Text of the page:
Pesticide Action Network Updates Service (PANUPS)
Canada’s Supreme Court Upholds Ban on Local Pesticide Use
In a landmark decision hailed by environmentalists as “a great step forward” for the health of Canadians, the country’s Supreme Court ruled in June, 2001 that municipalities across Canada have the right to ban pesticide use on public and private property. The court stated that the Montreal suburb of Hudson in the province of Quebec had been within its rights when it became the first Canadian municipality to outlaw the use of pesticides on lawns in 1991.
“We’re thrilled,” said Angela Rickman, head of the pesticide reduction campaign at the Sierra Club of Canada, a national environmental group. Noting that municipalities across Canada had been waiting this decision, she added that “A number of other communities will now be able to move ahead without worrying about negative financial consequences. I think it’s a great step forward for the health of Canadians.”
The case had been in Canada’s courts for years. In May 1991, Hudson passed a by-law banning the cosmetic (purely aesthetic) use of pesticides within the town’s limits in an effort to protect the health of Hudson residents. Two lawn pesticide companies, Chemlawn and Spraytech, were caught spraying pesticides and were fined $300, the maximum amount under the regulation.
Reacting to the fine, the pesticide companies challenged the municipality’s authority “to forbid an activity legally authorized by a federal or provincial law.” The local Quebec court ruled in favor of Hudson but the companies appealed to the Quebec Superior Court, the provincial court, that ended up supporting the earlier decision. The companies continued their battle — one that would also affect larger chemical manufacturing and distributing companies — and pushed the case to Canada’s Supreme Court in November 1999. The case was heard in December, 2000 and on June 28, 2001, the Supreme Court of Canada unanimously ruled in favor of the Hudson by-law.
The decision goes further than simply upholding Hudson’s bylaws. While upholding the right of municipalities to protect the health of their residents against environmental threats, the decision does not refer exclusively to pesticides, which opens up the potential for communities to implement by-laws prohibiting or restricting other potentially dangerous activities or substances. It endorsed the idea that local politicians have a special role to play in safeguarding the health of their constituents by saying that protecting the environment requires action by all levels of government.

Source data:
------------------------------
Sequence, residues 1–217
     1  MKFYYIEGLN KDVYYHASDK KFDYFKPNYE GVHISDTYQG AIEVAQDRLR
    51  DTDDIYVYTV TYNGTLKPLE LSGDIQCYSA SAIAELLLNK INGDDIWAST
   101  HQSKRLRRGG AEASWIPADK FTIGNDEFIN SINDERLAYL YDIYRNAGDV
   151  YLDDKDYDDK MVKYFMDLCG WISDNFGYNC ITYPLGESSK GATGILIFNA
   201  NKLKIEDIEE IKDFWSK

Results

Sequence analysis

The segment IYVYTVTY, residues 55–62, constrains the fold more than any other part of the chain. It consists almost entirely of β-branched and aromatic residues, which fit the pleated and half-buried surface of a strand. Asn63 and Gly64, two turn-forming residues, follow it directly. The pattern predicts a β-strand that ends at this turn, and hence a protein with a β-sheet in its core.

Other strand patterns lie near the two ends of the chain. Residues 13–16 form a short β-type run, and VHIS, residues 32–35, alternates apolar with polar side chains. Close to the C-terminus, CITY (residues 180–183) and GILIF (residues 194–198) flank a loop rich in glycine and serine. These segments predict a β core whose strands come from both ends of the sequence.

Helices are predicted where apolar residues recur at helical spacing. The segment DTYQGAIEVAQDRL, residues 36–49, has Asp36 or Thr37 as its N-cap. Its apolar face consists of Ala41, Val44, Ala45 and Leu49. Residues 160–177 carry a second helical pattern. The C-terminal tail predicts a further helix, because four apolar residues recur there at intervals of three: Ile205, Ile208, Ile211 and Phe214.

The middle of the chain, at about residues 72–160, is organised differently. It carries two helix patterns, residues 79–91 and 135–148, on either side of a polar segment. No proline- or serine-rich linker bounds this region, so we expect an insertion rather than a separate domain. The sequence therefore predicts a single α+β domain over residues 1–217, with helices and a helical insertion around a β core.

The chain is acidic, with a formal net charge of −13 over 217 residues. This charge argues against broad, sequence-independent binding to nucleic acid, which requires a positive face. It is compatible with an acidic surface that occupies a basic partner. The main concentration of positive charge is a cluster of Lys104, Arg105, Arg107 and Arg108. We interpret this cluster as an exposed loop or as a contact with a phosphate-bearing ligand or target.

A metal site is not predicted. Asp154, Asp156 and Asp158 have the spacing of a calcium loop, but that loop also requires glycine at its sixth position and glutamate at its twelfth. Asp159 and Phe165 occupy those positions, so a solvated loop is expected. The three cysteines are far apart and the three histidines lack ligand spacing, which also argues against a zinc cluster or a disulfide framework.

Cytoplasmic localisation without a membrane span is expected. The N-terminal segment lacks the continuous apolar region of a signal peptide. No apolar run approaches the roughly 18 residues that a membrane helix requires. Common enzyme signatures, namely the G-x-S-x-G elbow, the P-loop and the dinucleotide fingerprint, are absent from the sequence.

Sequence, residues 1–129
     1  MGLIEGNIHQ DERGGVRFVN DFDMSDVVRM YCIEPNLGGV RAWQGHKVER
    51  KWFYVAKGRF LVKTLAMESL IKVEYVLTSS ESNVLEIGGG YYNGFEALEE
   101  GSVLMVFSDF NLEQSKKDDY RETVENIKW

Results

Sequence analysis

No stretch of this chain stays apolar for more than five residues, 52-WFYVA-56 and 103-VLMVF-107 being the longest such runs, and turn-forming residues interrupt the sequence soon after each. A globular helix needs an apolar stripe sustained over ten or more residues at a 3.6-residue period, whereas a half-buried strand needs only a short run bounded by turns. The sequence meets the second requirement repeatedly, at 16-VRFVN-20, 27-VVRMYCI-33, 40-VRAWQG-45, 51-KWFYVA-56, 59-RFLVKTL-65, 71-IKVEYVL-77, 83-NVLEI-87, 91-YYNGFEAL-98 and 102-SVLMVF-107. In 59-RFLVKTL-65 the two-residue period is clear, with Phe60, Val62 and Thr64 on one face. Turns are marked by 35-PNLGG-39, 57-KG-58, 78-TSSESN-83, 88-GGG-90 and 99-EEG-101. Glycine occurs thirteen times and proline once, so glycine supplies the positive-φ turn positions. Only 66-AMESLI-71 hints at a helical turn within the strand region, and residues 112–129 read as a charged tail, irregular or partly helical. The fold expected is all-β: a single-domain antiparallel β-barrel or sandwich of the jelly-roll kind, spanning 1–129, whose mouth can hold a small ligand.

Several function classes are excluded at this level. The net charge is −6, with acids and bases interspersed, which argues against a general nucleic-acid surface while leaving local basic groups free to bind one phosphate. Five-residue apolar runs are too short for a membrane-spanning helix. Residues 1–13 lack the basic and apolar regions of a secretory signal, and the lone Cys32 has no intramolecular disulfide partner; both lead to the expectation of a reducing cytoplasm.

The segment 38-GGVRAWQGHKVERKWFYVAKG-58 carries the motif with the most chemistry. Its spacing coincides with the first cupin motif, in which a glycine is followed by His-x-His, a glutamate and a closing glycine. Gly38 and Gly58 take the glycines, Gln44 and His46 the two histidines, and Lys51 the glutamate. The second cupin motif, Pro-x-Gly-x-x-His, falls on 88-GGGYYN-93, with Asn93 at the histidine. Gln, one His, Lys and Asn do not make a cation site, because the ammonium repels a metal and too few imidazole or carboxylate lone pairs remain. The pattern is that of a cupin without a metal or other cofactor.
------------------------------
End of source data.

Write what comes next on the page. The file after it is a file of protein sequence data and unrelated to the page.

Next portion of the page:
The judgement quoted the “precautionary principle” — a concept in international law arguing that it is better to be safe than sorry — in upholding the Hudson decision. Environmental lawyers say that this is the first time that the Canadian court has used the precautionary principle to support a domestic legal and policy question.
Banning or restricting pesticide use at the local level could be a growing trend. In Canada since 1991, 36 towns across the province of Quebec as well as the city of Halifax, Nova Scotia have enacted bans similar to Hudson’s. Many other towns have limited or restricted pesticide use on municipally-owned properties. Following the ruling, Quebec’s Environment Minister has said that he is “seriously considering” a province-wide ban on pesticide use for strictly aesthetic purposes.
Sources: Angela Rickman, Sierra Club of Canada; Reuters, “Canada Supreme Court Allows Ban on Lawn Pesticides,” June 28, 2001; Globe and Mail “The tools to keep pesticides in check” June 29, 2001.
Contact: Sierra Club of Canada National Office, 412-1 Nicholas St., Ottawa, Ontario, K1N 7B7, Canada; phone (613) 241-4611; fax (613) 241-2292; e-mail firstname.lastname@example.org; Web site http://www.sierraclub.ca/national.
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